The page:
The boy in the tower

Do you see the lengths I go to for you people? Today, I climbed up to a little dot up in the clouds, at the top of a series of very large hills. The dot would turn out to be the Lookout Tower, from which, I had been informed by Nice Hostel Man, I would be able to see for miles and miles and miles…

That climb put the Eiffel Tower and the crazy Lyon steps to shame, I’m telling you. There weren’t even any steps for most of it – just dusty, rocky old paths with dodgy looking wooden rails to hang on to and (in my case) haul yourself up, gasping for breath. The higher you get, the warmer the air becomes – fortunately today was cloudy, for if it’d been as hot as the past few days have been, I quite simply would not have survived.

Anyway, here it is: a photo of my current surroundings, as promised.

I’ve been staying right down at the water’s edge, in a tiny little village. The Portrush of Hungary, if you will – it’s where all the Hungarians go for their summer holiday or weekend break. It is beautiful. I’m nicely rested and relaxed now, apart from the hill-climbing nightmare. And I even made a new friend!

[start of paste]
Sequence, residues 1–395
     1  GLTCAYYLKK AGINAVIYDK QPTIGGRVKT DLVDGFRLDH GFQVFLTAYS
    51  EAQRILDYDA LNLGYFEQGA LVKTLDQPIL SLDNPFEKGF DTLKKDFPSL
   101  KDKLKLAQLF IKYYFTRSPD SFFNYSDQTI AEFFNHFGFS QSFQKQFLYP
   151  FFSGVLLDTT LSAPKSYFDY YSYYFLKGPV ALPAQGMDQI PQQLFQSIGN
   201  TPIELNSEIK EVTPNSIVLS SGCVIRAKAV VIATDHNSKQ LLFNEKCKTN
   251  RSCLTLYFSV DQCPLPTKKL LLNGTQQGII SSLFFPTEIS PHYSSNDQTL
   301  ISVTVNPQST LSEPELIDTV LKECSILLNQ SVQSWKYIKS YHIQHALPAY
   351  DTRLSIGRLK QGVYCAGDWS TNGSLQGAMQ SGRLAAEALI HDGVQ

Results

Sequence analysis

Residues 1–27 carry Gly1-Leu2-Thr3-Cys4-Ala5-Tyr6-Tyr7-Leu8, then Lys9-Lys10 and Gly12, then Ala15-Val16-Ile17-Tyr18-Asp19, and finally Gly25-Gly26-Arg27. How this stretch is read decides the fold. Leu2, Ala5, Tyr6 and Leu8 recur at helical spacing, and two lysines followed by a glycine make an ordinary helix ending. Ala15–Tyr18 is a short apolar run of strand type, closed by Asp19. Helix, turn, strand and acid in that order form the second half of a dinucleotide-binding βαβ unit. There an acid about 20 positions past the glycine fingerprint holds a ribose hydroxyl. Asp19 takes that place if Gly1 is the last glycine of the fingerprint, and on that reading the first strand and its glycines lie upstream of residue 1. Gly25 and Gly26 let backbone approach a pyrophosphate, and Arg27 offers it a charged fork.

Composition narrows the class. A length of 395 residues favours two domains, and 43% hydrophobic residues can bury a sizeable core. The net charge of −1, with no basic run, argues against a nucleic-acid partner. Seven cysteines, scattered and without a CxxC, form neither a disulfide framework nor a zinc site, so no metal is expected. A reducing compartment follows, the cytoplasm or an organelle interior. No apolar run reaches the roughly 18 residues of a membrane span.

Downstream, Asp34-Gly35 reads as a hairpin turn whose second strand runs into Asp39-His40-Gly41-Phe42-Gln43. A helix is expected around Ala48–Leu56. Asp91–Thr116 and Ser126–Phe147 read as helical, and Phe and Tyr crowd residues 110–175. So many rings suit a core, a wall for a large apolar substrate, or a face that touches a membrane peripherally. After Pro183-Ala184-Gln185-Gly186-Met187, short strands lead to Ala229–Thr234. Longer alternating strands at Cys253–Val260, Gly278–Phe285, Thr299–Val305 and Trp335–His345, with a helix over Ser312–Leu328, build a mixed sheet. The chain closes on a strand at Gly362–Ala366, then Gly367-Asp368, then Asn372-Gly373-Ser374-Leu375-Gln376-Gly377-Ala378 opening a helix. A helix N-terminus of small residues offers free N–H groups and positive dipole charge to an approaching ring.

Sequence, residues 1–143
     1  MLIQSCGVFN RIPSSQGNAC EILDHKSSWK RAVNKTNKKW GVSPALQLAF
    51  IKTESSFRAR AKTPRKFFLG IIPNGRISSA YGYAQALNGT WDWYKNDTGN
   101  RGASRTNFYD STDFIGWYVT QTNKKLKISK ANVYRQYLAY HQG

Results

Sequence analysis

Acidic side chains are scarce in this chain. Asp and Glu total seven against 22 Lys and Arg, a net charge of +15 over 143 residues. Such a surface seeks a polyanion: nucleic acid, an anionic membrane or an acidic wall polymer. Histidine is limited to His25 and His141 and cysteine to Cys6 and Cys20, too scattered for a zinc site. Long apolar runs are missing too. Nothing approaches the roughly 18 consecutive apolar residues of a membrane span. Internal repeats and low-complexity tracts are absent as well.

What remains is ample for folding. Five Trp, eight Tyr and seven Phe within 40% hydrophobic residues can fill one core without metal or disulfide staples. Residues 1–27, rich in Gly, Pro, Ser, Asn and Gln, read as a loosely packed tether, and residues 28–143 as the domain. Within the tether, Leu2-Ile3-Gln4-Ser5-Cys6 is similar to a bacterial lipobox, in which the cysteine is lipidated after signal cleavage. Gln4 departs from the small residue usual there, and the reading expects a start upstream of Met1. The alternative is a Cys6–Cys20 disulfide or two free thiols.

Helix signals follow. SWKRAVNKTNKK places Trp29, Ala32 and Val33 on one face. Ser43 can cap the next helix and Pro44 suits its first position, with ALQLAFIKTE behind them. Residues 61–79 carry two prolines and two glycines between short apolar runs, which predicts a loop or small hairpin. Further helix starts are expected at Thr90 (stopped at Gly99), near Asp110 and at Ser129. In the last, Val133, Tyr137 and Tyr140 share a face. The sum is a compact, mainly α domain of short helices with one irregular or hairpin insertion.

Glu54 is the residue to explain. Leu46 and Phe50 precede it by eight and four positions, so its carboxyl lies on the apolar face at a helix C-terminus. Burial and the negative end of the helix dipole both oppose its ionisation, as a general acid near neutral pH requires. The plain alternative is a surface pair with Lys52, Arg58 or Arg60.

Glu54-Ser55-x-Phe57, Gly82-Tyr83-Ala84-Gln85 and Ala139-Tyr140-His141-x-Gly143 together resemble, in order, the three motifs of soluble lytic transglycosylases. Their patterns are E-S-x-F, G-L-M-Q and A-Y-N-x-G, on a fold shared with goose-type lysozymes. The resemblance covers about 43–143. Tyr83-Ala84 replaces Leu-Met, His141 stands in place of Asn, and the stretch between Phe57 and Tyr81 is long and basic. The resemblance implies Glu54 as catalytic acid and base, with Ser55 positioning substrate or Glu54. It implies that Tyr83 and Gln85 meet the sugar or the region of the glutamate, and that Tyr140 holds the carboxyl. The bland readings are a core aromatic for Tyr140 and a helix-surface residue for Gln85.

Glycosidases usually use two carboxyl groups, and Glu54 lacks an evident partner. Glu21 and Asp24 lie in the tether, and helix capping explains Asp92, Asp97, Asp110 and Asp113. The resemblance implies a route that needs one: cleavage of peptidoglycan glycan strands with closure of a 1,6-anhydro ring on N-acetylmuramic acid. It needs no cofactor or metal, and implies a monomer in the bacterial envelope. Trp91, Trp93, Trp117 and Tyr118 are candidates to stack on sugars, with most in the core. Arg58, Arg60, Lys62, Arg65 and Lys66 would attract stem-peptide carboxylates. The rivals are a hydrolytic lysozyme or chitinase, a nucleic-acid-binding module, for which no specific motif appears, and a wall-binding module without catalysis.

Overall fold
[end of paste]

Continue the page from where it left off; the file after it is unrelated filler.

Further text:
This is Jeosef, who kindly accompanied me up the tower, chattering away in Hungarian and completely unphased by my English responses. It is much easier to communicate with a child than with an adult when there’s a total language barrier, because they don’t give up and go silent when they realise that you don’t have a single shared word in your vocabulary. Jeosef and I developed our own sign language and did the age-old “saying words in your own language very slowly and loudly as if that’ll help” thing. It worked fairly well. He taught me to say Hayley nak hívnak, and I taught him to say my name is Jeosef. An educational trip, as well as a scenic one!

I have a feeling that he and his father actually live in the Lookout Tower. His dad was a scruffy, slightly wild-looking guy, wearing clothes with holes in them and curled up on a pile of old sacks when I arrived. He supervised as Jeosef excitedly counted my entrance money and attempted to give me the right change, and seemed quite content to let the boy go leaping up the tower steps ahead of me as if he’d done so a million times before. I got the impression that father and son are allowed to shelter in the tower in exchange for collecting the small entrance fee from visitors – because let’s face it, that would be quite a hike to work every day.

Nice as the view is, you’d have to pay me an absolute fortune.

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